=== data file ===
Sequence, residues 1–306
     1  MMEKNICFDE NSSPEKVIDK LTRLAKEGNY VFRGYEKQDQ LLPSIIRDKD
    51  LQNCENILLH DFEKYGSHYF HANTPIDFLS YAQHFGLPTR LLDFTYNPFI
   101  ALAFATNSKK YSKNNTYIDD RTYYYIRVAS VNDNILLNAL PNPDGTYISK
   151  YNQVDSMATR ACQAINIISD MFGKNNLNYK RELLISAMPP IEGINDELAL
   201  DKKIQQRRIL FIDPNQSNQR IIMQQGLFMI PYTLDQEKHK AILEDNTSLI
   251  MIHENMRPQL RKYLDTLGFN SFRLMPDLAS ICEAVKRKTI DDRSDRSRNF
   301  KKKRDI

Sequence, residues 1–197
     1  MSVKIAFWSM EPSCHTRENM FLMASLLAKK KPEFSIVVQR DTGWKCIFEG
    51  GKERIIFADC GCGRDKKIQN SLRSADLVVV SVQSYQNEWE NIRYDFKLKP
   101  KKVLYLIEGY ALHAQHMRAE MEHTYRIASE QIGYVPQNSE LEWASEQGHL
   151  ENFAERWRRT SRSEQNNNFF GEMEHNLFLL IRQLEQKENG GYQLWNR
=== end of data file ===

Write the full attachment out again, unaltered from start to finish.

Sequence, residues 1–306
     1  MMEKNICFDE NSSPEKVIDK LTRLAKEGNY VFRGYEKQDQ LLPSIIRDKD
    51  LQNCENILLH DFEKYGSHYF HANTPIDFLS YAQHFGLPTR LLDFTYNPFI
   101  ALAFATNSKK YSKNNTYIDD RTYYYIRVAS VNDNILLNAL PNPDGTYISK
   151  YNQVDSMATR ACQAINIISD MFGKNNLNYK RELLISAMPP IEGINDELAL
   201  DKKIQQRRIL FIDPNQSNQR IIMQQGLFMI PYTLDQEKHK AILEDNTSLI
   251  MIHENMRPQL RKYLDTLGFN SFRLMPDLAS ICEAVKRKTI DDRSDRSRNF
   301  KKKRDI

Sequence, residues 1–197
     1  MSVKIAFWSM EPSCHTRENM FLMASLLAKK KPEFSIVVQR DTGWKCIFEG
    51  GKERIIFADC GCGRDKKIQN SLRSADLVVV SVQSYQNEWE NIRYDFKLKP
   101  KKVLYLIEGY ALHAQHMRAE MEHTYRIASE QIGYVPQNSE LEWASEQGHL
   151  ENFAERWRRT SRSEQNNNFF GEMEHNLFLL IRQLEQKENG GYQLWNR